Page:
CMS posted a revision to memo QSO-20-31-All

CMS posted a revision to memo QSO-20-31-All that updated the criteria a facility may meet that could trigger a focused infection control survey. This is important in light of the 5-Star user’s Guide posted today which is addressed below. Among the changes, CMS added, “criteria requiring states to conduct focused infection control surveys due to the increased availability of resources for the testing of residents and staff and factors related to the quality of care.” These new criteria are considered, “other factors that may place residents’ health and safety at risk.

  • Multiple weeks with new COVID-19 cases;
  • Low staffing;
  • Selection as a Special Focus Facility per Section 1819(f)(8)(B) of the Social Security Act;
  • Concerns related to conducting outbreak testing per CMS requirements; or
  • Allegations or complaints which pose a risk for harm or Immediate Jeopardy to the health or safety of residents which are related to certain areas, such as abuse or quality of care (e.g., pressure ulcers, weight loss, depression, decline in functioning).

For the CMS QSO-20-31-all click here:


Internet Book of Critical Care (IBCC)

  • COVID-19 is a non-segmented, positive sense RNA virus.
  • COVID-19 is part of the family of coronaviruses.  This contains:
    • (i) Four coronaviruses which are widely distributed and usually cause the common cold (but can cause viral pneumonia in patients with comorbidities).
    • (ii) SARS and MERS – these caused epidemics with high mortality which are somewhat similar to COVID-19.  COVID-19 is most closely related to SARS.
  • COVID-19 binds via the angiotensin-converting enzyme 2 (ACE2) receptor located on type II alveolar cells,  intestinal epithelia, and the vascular endothelium (Hamming 2004).
    • This is the same receptor as used by SARS (hence the technical name for the COVID-19, “SARS-CoV-2”).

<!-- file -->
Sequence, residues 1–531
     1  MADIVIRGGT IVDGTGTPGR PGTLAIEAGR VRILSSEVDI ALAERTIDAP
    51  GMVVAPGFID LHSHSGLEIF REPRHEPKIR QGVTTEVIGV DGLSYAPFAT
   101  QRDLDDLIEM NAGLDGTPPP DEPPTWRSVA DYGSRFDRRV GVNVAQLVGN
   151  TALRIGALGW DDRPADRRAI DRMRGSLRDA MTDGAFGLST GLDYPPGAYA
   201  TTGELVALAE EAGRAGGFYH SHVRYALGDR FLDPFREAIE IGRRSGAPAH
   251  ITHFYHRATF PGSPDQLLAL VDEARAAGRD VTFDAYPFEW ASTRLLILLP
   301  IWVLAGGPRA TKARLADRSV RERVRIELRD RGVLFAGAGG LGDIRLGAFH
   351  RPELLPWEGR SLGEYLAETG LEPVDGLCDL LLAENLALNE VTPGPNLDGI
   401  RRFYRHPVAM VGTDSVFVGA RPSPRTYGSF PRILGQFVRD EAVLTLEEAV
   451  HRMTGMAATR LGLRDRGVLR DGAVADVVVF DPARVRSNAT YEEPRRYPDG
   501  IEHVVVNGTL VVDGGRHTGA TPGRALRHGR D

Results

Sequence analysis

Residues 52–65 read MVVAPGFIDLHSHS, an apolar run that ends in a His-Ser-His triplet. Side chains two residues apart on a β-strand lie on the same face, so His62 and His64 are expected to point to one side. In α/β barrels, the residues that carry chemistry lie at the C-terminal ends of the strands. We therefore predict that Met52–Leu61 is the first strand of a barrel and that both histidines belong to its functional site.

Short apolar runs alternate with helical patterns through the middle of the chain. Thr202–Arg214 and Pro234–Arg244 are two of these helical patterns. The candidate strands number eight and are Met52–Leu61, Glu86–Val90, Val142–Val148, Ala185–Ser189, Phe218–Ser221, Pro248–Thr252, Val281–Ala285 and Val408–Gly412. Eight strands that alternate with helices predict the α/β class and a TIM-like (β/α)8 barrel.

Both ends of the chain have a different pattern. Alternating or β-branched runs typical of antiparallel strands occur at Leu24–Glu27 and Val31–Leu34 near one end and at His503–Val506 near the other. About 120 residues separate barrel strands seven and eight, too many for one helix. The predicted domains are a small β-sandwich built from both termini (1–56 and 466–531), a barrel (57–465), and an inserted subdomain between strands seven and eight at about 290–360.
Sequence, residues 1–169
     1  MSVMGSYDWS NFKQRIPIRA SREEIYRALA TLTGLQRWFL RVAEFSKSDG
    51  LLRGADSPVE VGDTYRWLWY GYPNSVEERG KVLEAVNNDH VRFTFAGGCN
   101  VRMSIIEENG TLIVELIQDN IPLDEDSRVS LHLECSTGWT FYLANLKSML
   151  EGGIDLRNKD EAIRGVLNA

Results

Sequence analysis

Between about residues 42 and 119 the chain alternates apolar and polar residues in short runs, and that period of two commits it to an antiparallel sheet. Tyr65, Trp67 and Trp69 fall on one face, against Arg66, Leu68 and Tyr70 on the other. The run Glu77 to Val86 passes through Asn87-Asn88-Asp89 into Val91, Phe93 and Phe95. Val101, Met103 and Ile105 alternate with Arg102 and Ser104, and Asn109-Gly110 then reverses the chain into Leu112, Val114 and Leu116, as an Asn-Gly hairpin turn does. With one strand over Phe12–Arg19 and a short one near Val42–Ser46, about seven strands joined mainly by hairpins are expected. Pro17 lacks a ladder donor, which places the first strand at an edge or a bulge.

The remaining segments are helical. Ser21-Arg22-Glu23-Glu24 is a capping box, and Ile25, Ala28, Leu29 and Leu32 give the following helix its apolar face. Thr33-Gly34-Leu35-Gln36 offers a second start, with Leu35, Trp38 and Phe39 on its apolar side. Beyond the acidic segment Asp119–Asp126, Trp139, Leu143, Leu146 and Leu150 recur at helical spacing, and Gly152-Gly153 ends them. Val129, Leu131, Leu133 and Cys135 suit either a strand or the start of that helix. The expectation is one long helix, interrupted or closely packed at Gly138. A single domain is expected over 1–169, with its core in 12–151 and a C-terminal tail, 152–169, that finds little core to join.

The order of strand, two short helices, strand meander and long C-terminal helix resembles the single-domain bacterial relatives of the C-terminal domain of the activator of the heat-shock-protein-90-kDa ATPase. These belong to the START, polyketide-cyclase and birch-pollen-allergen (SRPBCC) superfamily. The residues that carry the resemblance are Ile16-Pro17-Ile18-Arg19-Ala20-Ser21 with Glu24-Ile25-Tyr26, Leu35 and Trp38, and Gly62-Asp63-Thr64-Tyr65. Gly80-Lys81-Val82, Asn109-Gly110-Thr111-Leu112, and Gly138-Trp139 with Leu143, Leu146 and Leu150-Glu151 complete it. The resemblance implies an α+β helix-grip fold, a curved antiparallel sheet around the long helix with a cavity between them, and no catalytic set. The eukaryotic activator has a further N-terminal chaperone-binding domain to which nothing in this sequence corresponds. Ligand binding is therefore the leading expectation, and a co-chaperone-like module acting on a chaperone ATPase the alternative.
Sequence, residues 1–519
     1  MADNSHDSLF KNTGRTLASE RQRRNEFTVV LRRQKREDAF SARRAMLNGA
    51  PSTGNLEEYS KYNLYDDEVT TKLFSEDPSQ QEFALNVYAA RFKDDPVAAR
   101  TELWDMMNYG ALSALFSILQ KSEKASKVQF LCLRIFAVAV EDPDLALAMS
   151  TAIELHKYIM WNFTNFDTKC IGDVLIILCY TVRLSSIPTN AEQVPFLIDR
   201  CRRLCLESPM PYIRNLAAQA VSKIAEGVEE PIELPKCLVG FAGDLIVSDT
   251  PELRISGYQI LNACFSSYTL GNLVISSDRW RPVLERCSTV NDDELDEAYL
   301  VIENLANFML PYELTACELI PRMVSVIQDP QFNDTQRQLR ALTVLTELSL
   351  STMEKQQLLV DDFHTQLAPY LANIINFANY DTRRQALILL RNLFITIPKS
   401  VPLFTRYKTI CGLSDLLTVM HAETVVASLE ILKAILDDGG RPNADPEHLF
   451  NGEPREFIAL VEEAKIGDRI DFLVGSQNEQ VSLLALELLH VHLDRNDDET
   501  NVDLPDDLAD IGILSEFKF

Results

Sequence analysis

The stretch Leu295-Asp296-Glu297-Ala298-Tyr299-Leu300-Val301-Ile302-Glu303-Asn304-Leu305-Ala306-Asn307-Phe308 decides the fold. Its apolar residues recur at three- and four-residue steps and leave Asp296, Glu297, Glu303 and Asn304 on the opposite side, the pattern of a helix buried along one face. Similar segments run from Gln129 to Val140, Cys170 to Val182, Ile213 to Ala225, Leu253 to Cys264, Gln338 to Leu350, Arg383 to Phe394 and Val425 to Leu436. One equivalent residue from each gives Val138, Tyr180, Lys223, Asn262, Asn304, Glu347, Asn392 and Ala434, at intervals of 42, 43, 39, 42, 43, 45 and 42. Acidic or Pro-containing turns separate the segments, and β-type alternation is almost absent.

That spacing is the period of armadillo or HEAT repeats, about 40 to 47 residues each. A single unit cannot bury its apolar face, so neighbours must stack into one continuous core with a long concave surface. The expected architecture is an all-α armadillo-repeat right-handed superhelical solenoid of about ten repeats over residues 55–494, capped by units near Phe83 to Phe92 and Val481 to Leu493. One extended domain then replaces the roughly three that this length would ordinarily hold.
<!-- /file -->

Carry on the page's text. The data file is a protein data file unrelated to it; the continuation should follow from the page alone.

• When considering possible therapies, SARS (a.k.a. “SARS-CoV-1”) is the most closely related virus to COVID-19.
  • COVID-19 is mutating, which may complicate matters even further.  Virulence and transmission will shift over times, in ways which we cannot predict.  Ongoing phylogenetic mapping of new strains can be found here.

For complete book Access:

CMS Updates PDPM Grouper

CMS has posted an update to the PDPM Grouper DLL, as v1.0009, to add support for new ICD-10 codes that may be used for assessments with target dates on or after 1/1/2021.

The posting notice lists those as: Z11.52, Z20.822, Z86.16, M35.81, M35.89 and J12.82.

It notes that codes M35.81 and M35.89 replace code M35.8, which should no longer be used on assessments with target date on or after 1/1/2021.

They’ve also released new lookup files for allowable ICD-10 codes for item I0020B, as of 1/1/2021.

New Group will be included in the upcoming ADL Update.

Congress Approves IoT Cybersecurity Bill

Passed by the U.S. Congress on November 17, 2020 and heading to the White House for the President’s signature, the Internet of Things Cybersecurity Improvement Act “requires the National Institute of Standards and Technology (NIST) and the Office of Management and Budget (OMB) to take specified steps to increase cybersecurity for Internet of Things (IoT) devices.”

Given the many recent security issues with “smart” devices and their rapid proliferation in the marketplace, we’re glad to see the U.S. Congress taking a step in the right direction to establish IoT security standards and best practices for the federal government.

Nonopioid Treatments for Chronic Pain

Principles of Chronic Pain Treatment

Patients with pain should receive treatment that provides the greatest benefit. Opioids are not the first-line therapy for chronic pain outside of active cancer treatment, palliative care, and end-of-life care. Evidence suggests that nonopioid treatments, including nonopioid medications and nonpharmacological therapies can provide relief to those suffering from chronic pain, and are safer.

Effective approaches to chronic pain – Download: